Use of recreational drugs and subsequent addiction, intentional and accidental drug overdose, exposure to toxic chemicals, such as pesticides and insecticides, and snakebites, especially by venomous snakes, require prompt medical intervention to prevent morbidity and mortality. The team at the toxicology critical care unit manages these patients through early assessment, stabilization, laboratory evaluation, decontamination, antidote administration, enhanced elimination of toxins, and disposition.
Toxicology Critical Care refers to the specialized medical care provided for individuals who have been exposed to toxic substances, such as pesticides and insecticides, or have experienced drug overdoses or recreational agent overdoses.
Common types of poisonings treated in Toxicology Critical Care include pesticide and insecticide poisonings, drug overdoses, and recreational agent overdoses.
Pesticide and insecticide poisoning can happen through inhalation, ingestion, or contact with the skin. Exposure may occur during agricultural activities, household use of pesticides, or accidental intake by children.
Symptoms of pesticide and insecticide poisoning can vary depending on the specific substance involved but may include nausea/vomiting, difficulty breathing, neurological effects (such as seizures), skin irritation/allergic reactions, and gastrointestinal disturbances.
If you suspect someone has been poisoned by a pesticide or insecticide:
Drug overdose cases requiring toxicology critical care often result from accidental misuse/mismanagement of medications or intentional abuse/overdose involving prescription drugs (e.g., opioids), illicit drugs (e.g., cocaine), or other substances like alcohol combined with certain medications.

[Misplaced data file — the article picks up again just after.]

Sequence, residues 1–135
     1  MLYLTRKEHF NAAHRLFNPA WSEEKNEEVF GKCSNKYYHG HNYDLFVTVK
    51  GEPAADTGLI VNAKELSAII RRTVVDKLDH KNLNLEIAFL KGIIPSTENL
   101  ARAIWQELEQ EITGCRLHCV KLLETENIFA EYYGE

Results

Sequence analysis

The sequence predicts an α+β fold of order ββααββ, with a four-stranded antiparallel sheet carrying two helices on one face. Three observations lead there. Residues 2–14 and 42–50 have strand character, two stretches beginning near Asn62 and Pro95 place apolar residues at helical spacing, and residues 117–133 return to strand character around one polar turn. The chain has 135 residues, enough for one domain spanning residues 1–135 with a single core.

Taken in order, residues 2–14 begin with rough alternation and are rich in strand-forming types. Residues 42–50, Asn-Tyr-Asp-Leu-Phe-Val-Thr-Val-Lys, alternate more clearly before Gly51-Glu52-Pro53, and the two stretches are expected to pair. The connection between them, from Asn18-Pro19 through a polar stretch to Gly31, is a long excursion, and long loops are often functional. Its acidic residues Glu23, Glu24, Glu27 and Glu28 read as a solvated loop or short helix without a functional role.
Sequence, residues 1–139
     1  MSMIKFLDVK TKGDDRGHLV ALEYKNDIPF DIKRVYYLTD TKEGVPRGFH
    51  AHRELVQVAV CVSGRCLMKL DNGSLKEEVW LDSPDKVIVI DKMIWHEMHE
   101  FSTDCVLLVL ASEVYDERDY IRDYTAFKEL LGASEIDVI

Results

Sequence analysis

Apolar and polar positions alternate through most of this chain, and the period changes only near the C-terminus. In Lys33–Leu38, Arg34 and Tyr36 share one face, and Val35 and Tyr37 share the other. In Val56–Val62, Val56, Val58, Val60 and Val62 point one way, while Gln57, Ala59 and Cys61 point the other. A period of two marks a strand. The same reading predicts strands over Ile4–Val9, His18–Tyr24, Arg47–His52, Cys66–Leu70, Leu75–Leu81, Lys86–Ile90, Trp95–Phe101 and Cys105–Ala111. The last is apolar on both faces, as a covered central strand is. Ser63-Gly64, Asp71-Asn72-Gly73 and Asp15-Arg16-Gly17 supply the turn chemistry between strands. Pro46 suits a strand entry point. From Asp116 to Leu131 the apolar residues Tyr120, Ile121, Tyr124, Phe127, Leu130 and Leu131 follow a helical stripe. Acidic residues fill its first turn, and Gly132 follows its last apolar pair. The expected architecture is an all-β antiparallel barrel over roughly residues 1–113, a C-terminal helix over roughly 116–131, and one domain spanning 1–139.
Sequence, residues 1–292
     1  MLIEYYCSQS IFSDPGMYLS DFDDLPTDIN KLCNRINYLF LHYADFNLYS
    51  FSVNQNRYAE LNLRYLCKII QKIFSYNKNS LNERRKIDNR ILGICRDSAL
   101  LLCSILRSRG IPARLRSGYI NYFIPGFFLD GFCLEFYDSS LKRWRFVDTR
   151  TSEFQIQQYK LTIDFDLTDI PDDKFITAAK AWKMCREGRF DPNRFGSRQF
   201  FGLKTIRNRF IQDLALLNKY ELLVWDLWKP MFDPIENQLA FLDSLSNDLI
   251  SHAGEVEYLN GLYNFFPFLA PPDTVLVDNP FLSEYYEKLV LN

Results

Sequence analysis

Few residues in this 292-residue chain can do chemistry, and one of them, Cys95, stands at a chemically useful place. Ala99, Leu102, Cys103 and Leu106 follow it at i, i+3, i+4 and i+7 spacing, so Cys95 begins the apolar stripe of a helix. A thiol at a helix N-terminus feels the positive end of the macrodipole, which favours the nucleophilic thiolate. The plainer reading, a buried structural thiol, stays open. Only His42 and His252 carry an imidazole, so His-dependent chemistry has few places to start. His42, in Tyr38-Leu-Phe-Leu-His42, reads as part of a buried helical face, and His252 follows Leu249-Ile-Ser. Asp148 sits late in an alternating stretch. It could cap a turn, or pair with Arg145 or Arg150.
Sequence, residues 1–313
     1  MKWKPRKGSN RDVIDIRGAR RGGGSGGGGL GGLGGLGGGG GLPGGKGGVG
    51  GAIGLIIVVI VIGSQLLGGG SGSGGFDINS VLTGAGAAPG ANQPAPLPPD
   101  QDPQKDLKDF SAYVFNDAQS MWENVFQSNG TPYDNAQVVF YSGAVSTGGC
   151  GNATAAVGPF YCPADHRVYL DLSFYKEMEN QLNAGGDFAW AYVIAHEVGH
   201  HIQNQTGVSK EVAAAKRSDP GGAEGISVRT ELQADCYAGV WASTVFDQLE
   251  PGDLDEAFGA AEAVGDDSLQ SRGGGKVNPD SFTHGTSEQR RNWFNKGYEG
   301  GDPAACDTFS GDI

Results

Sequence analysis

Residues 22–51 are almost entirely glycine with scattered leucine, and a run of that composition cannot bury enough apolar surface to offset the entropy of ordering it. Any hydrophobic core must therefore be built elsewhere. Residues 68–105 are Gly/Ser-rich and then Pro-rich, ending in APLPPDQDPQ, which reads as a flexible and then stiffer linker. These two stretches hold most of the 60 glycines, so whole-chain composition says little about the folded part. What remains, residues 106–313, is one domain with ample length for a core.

Signs that someone may be experiencing a drug overdose include:
If you suspect someone is experiencing a drug overdose:
Recreational agents refer to substances used for non-medical purposes, such as illicit drugs, party drugs (e.g., MDMA), hallucinogens (e.g., LSD), or other psychoactive substances. Overdoses of these agents can occur due to excessive consumption, adulteration with unknown substances, or unpredictable reactions.
Recreational agent overdoses can lead to severe health consequences ranging from cardiovascular issues and respiratory distress to neurological complications like seizures or organ failure.
Recreational drugs increase dopamine levels in the brain. Dopamine is a chemical associated with pleasure. When recreational drugs are used for a long time, the brain reduces the natural production of dopamine as a response to the continuous triggering of dopamine synthesis. This results in the desire for a continuous supply of recreational drugs to feel pleasure.
Venoms may be neurotoxic, proteolytic, cytotoxic, or hemotoxic. Neurotoxic venom affects the nervous system and causes paralysis of the muscles. It damages the brain and makes the patient unconscious. Proteolytic venom contains proteolytic enzymes. These enzymes are present in the venom of all snakes. It degrades the tissues, especially at the site of the bite. Hemotoxic venom affects red blood cells. It results in severe internal bleeding, cardiovascular failure, and limb amputation. Cytotoxic venom kills the cells and causes disability in the patient.